The definition of the path length for the VIC device was more difficult. The original instruction manual proposes to measure the distance between the jugular notch and the upper end of the tight cuff directly (Vicorder User Manual. Version 1.3.).30 However, the femoral sampling site of VIC is by definition distal to that of SC and PP due to a different principle of measurement. In addition, according to Hickson et al, the actual detection point of VIC is 6.5 cm further distal to the upper end of the femoral cuff. Accordingly, in the most recent VIC manual, the femoral sampling site is defined as the center of the tight cuff (Vicorder User Manual. Version 1.3.2).30

Hence, VIC data were assessed herein using three measurements: first, the direct distance between the jugular notch and the top of the tight cuff;30 second, the difference between the distance from the carotid sampling site to the jugular notch and distance from the jugular notch to the femoral sampling site defined as the center of the femoral cuff18—a path length analogous to that used by the PP and the SC instruments;31 third, the distance between the jugular notch and the center of the femoral cuff.32 It is to note, that all three procedures are approximations and absolute differences are unimportant in intervention studies with repeated measures. However, when comparing two populations or pooling data for normal values or for meta-analyses, differences in the methods used to assess the path length will be critically important.9

The first major result of the present work is that the data obtained by the two devices using applanation tonometry are in excellent accordance with each other. This high concordance between PP and SC indicates that the established PWV reference values can be used for studies with both devices.

The VIC device, on the other hand, underestimated PWV in comparison with applanation tonometry using both the path length proposed by the manufacturer and that used by Weber et al. That occurred despite taking into account in the second definition of distance (L-VIC-w) that the actual detection point of the pulse wave by the VIC is at the center of the tight cuff.18

The best concordance with the applanation tonometric devices was achieved with the modified path length, a result in accordance with the findings of Mathieu et al., comparing surface tape measurements to data obtained by magnetic resonance imaging.32 Indeed, after correction of the distance, there was no longer any difference between the average values measured by the devices, and concordance was excellent with both SC and PP. The results were similar if patients younger than 18 years and those older than 18 years were assessed separately.

When comparing VIC and SC devices in adults, a proportional error due to the more distal detection point of VIC has been described by Hickson et al.18 They hypothesized that the inherent bias may be related to the fact that the VIC, but not the SC device, includes a longer segment of femoral artery. If the stiffness of this additional arterial segment is relatively constant between individuals, it may introduce an inherent bias at high aPWV. Indeed, the observation that peripheral PWV does not vary greatly throughout life supports this hypothesis.

Similarly, there was a small but significant proportional error in the VIC measurements in our patients showing a trend toward lower PWV measured by VIC at higher PWV values compared with the applanation tonometric instruments. The analysis of the transit times of the devices revealed no proportional bias (although per definition VIC had longer transit times than PP or SC due to the longer path length). This proportional error was rather due to the fact that the femoral sampling site of the VIC is distal to that of applanation tonometry (an average distance of 12.1 (4.4) cm for the path length of VIC in our study) and that distance is proportionally higher for longer total distances (that means taller patients). Based on the equations presented, the distortion is irrelevant at the average PWV value of 6 m s−1 (−0.03 m s−1 for PP and −0.17 m s−1 for SC).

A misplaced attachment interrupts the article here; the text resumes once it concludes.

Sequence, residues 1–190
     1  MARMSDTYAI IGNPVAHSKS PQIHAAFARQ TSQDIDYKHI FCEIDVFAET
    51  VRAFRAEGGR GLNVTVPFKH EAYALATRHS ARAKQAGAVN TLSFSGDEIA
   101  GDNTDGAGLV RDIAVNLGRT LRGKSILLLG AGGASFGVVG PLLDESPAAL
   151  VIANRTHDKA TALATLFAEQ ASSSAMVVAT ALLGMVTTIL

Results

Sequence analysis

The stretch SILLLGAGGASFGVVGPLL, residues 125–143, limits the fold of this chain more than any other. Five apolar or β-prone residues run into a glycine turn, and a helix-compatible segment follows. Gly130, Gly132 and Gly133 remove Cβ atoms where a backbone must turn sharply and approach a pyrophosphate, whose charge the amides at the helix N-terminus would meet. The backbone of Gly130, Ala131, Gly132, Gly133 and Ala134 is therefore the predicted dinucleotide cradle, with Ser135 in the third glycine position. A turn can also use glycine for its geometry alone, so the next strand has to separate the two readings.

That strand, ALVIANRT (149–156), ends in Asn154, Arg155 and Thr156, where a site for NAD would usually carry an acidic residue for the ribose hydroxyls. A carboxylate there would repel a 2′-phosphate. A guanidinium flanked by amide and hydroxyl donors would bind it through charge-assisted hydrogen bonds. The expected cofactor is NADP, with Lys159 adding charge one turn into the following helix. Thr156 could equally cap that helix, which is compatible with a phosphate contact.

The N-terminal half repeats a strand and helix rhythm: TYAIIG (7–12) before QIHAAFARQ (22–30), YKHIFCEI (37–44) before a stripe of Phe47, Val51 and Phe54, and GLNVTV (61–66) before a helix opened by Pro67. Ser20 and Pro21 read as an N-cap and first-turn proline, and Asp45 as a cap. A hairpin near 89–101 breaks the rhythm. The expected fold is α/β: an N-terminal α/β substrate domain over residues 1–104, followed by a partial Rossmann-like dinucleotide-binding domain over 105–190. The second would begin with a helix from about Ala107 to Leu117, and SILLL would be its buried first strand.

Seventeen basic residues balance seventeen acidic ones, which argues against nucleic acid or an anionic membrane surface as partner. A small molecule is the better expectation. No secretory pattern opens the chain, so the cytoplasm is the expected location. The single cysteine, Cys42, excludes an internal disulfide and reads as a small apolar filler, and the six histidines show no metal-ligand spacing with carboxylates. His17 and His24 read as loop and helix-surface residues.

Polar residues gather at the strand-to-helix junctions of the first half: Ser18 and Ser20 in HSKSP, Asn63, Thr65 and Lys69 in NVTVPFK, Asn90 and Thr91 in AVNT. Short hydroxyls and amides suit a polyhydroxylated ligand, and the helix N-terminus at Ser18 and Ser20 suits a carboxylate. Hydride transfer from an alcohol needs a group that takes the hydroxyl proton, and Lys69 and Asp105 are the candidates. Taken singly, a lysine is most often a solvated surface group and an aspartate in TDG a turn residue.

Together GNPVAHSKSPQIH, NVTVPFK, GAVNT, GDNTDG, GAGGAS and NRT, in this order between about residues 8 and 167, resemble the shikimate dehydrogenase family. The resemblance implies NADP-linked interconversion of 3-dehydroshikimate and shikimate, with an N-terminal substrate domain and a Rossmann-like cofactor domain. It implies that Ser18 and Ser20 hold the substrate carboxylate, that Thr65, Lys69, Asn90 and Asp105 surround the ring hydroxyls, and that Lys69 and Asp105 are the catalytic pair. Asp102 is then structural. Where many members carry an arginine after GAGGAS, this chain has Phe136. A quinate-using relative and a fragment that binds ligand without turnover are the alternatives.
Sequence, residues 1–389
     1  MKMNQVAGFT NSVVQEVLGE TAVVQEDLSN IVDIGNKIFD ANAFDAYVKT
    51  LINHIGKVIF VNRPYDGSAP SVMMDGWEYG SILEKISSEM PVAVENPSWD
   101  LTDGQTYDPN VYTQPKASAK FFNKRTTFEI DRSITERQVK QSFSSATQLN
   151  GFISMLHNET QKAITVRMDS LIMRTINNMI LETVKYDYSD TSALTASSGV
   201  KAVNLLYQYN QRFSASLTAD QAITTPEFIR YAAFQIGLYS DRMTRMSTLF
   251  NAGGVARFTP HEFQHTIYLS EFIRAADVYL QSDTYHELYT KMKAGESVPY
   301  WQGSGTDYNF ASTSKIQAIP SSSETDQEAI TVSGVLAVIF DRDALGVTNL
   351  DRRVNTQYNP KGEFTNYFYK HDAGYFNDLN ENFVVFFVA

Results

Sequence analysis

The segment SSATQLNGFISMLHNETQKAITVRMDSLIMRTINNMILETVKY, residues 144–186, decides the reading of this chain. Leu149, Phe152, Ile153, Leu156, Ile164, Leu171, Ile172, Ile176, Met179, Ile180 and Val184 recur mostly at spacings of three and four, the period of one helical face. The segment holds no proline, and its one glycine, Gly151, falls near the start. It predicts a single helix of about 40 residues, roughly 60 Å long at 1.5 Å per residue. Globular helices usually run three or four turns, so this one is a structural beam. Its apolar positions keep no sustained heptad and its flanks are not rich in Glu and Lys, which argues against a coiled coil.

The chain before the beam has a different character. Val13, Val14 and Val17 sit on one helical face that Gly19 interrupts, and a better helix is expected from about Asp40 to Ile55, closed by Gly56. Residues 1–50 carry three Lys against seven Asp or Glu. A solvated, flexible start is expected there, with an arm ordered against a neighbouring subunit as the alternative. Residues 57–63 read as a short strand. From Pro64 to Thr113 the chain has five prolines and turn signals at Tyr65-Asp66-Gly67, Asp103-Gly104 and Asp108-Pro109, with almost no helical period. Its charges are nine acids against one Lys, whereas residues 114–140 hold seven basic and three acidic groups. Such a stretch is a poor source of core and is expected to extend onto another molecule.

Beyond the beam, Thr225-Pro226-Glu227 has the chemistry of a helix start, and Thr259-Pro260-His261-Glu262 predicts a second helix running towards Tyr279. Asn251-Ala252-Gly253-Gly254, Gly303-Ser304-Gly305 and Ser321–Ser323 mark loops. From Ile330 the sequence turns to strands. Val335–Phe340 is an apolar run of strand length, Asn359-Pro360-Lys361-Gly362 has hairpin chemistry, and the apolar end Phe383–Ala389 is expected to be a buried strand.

In contrast, the present data are conflicting with the results of van Leeuwen-Segarceanu, who compared SC and VIC and found that the limit of agreement (defined as two times the SDDs between the two instruments per patient) was −3.50 to 4.66 m s−1.21 These authors referred to technical difficulties especially with the use of the carotid cuff as well as lack of experience or previous descriptions of the use of the VIC, which may have contributed to the results of their study. In the study herein, we did not meet specific difficulties with the VIC device such that the standard deviations of the differences between the devices compared were in a much narrower range (0.71–0.75 m s−1, see also Table 2).

In conclusion, after applying a path length adjustment for the VIC device, all instruments tested were in excellent concordance using the ARTERY Society guidelines.29 Thus, the average PWV measured in children by SC, PP and VIC all provided comparable results. The proportional error of VIC compared with PP and SC is due to the additional femoral path length. The equations presented could also be used when comparing the VIC data to the normal reference values of PWV established by applanations tonometry.10


As PWV becomes more frequently measured in children and the number of commercially available devices is on the rise, it is important that common standards are agreed upon, so that devices are seen as interchangeable. Our study provides data on the two most frequently used instruments (PP and SC), and on VIC, a newly introduced device used in a recently initiated multicenter study.33 Following correction of path length of VIC, the three devices provided comparable results. Thus, our work allows extrapolating data between previously established normal PWV values for children and forthcoming studies using these instruments. However, the small proportional error of VIC needs additional analysis and technical development to improve the accuracy of the measurements.